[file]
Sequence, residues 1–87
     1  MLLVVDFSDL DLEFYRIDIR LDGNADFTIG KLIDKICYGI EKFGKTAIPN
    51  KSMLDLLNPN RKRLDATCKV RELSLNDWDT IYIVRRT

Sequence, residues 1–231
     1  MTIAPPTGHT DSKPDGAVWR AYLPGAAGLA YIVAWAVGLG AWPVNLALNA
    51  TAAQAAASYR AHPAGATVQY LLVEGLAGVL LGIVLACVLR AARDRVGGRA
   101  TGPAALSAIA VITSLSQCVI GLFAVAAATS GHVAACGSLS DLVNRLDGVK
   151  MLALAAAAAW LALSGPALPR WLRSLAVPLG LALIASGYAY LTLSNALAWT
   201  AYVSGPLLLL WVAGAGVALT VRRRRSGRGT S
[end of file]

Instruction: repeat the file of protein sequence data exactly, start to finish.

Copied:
Sequence, residues 1–87
     1  MLLVVDFSDL DLEFYRIDIR LDGNADFTIG KLIDKICYGI EKFGKTAIPN
    51  KSMLDLLNPN RKRLDATCKV RELSLNDWDT IYIVRRT

Sequence, residues 1–231
     1  MTIAPPTGHT DSKPDGAVWR AYLPGAAGLA YIVAWAVGLG AWPVNLALNA
    51  TAAQAAASYR AHPAGATVQY LLVEGLAGVL LGIVLACVLR AARDRVGGRA
   101  TGPAALSAIA VITSLSQCVI GLFAVAAATS GHVAACGSLS DLVNRLDGVK
   151  MLALAAAAAW LALSGPALPR WLRSLAVPLG LALIASGYAY LTLSNALAWT
   201  AYVSGPLLLL WVAGAGVALT VRRRRSGRGT S